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Jay and the Americans will perform at the Cabot on April 6.

Jay and the Americans began as four Jewish boys from Brooklyn

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Jay and the Americans began as four Jewish boys from Brooklyn

Jay and the Americans will perform at the Cabot on April 6.
Jay and the Americans will perform at the Cabot on April 6.

MARCH 22, 2018 – In addition to being the first band to record a hit song by then rookie writer Neil Diamond (“Sunday and Me”), Jay and the Americans also sold the most copies of any version of “Some Enchanted Evening.”

Their show on April 6 at The Cabot in Beverly is sure to be another enchanting evening, featuring such 1960s’ chart-toppers as “Only in America,” “Come a Little Bit Closer,” “This Magic Moment,” and the multilingual “Cara Mia.”

“Audiences love to hear all the hits,” said founding member Sandy Yaguda, “and that is exactly what they get!”

Having started his performing career as a roadie for his singing and dancing sister, Yaguda recalled being taken from Brooklyn to New York City many times a week in the back of his mother’s car. And though it sometimes meant missing out on his first love – the Brooklyn Dodgers – Yaguda eventually fell for music.

“My older sister took singing lessons,” Yaguda recalled, “and I learned from her to sing harmony.”

Inspired by such stars as Bobby Darin, the Everly Brothers, and Elvis Presley, Yaguda eventually got a guitar and started writing songs.

Jay and the Americans in the 1960s.

“We started a group just for the love of singing and the incredible feeling of hearing four guys singing harmony,” said Yaguda, whose stage name is Sandy Deanne, of his early arrangement with fellow Brooklynites John “Jay” Traynor, Howard Kane (né Kirschenbaum), and Kenny Vance (né Rosenberg).

Speaking of religion, all four of the original band members were Jewish, as was Traynor’s replacement as lead singer, Jay Black (David Blatt).

“I think hearing the music in temple in the minor chord structure definitely influenced us,” Yaguda said, “as did all the music on the radio in New York from Latin to Broadway and soul to country. We used it all to form our own individual sound.”

Though he admitted his family was “dead set against” his becoming a professional musician (hoping instead for a doctor in the house), Yaguda recalled that as soon as he had recorded a hit tune, their tune changed as well.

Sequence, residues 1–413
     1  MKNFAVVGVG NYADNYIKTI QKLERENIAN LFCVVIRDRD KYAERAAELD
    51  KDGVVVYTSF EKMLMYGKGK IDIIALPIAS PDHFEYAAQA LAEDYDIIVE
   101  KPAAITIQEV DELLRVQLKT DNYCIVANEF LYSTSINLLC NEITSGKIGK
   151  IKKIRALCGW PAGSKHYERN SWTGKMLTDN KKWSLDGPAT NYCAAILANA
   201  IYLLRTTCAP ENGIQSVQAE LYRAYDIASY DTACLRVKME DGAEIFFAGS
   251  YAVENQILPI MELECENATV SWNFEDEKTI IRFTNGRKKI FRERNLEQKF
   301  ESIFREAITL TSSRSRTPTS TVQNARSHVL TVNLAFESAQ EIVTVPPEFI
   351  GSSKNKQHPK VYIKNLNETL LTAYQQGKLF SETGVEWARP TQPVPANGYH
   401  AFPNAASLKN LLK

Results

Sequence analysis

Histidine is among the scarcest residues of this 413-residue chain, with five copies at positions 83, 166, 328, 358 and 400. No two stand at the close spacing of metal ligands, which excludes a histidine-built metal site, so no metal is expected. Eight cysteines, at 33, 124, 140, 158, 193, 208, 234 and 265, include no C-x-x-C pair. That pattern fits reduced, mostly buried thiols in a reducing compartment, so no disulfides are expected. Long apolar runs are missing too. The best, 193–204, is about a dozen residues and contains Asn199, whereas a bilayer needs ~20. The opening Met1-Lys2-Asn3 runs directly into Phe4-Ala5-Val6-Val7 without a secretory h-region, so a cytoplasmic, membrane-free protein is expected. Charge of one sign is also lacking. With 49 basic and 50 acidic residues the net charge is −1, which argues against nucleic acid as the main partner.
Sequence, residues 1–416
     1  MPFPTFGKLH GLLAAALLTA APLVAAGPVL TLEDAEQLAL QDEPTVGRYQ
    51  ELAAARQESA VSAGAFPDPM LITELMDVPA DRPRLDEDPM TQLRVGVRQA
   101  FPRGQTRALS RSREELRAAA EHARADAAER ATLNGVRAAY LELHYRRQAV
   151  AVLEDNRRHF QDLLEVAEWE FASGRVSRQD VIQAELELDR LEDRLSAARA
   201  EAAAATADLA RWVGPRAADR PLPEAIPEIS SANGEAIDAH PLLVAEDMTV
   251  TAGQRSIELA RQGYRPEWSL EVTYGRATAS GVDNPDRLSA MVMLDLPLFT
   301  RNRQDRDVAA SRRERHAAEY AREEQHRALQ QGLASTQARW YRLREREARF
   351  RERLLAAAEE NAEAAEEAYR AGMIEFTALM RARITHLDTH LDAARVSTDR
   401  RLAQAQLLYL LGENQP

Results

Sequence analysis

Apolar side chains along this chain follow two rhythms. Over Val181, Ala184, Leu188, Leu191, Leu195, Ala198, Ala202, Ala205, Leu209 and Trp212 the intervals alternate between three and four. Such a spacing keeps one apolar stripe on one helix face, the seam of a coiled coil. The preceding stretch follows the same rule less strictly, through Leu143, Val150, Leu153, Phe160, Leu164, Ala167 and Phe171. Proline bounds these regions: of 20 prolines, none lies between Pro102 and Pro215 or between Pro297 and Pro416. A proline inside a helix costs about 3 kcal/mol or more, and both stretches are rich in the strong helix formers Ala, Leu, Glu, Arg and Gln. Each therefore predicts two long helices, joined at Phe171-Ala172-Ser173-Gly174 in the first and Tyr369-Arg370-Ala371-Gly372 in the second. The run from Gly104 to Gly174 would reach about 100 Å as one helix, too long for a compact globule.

Despite occasional lineup changes, the band has always had a “Jay.” Even so, the original name that was bestowed upon them by the legendary songwriting and producing team of Jerry Leiber and Mike Stoller did not use any of the band members’ names.

“We were first named ‘Binky Jones and The Americans,’” Yaguda recalled. “But we rebelled. “Nobody wanted to be ‘Binky!’”

With a string of hits and lots of great stories behind them, a Jay and the Americans show is a great night out for music fans of all ages.

“We are keeping the music alive,” said Yaguda, who recently turned 75, “and actually I think the music is keeping us alive. What a blessing to still be performing these songs after all this time!”

Jay and the Americans perform at 8 p.m. Friday, April 6, at The Cabot, 286 Cabot St., Beverly. Tickets are $32.50 to $52.50. To purchase, call 866-811-4111 or visit thecabot.org.

6 Responses

  1. I think Jay Black has a beautiful voice. I could listen to him sing all day and now that I am retired I often do. I also enjoy listening to his Yiddish songs. My grandparents were Jewish but my father was not. When I was young I grew up in a small town and a lot of people were not accepting of anything Jewish. Singing groups like Jay and the Americans helped make me proud of Jewish heritage. I sang in school as well. My mother’s family were all very musical.

  2. Howie was a classmate at Erasmus. How I wish I could attend! Love Jay and the Americans.

  3. Kenneth Rosenberg was on my team of managers at Far Rockaway High School. The team was coached by Jack Kerschman. We were proud not to be part of Brooklyn which was on the other side of the Marine Parkway Bridge. Thus original Jay and the Americans were composed to three Brooklynite but one preson from Queens.

    I never knew that Ken could sing.

    Stephen Lande

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